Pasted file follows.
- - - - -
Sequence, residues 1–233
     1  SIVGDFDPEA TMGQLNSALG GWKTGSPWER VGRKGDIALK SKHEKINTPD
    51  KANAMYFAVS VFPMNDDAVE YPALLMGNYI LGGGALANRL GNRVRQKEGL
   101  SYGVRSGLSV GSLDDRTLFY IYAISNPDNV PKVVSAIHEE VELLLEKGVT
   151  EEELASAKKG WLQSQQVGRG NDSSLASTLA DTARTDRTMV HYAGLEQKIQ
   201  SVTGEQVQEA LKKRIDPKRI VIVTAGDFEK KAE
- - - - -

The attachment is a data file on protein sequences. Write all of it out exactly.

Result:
Sequence, residues 1–233
     1  SIVGDFDPEA TMGQLNSALG GWKTGSPWER VGRKGDIALK SKHEKINTPD
    51  KANAMYFAVS VFPMNDDAVE YPALLMGNYI LGGGALANRL GNRVRQKEGL
   101  SYGVRSGLSV GSLDDRTLFY IYAISNPDNV PKVVSAIHEE VELLLEKGVT
   151  EEELASAKKG WLQSQQVGRG NDSSLASTLA DTARTDRTMV HYAGLEQKIQ
   201  SVTGEQVQEA LKKRIDPKRI VIVTAGDFEK KAE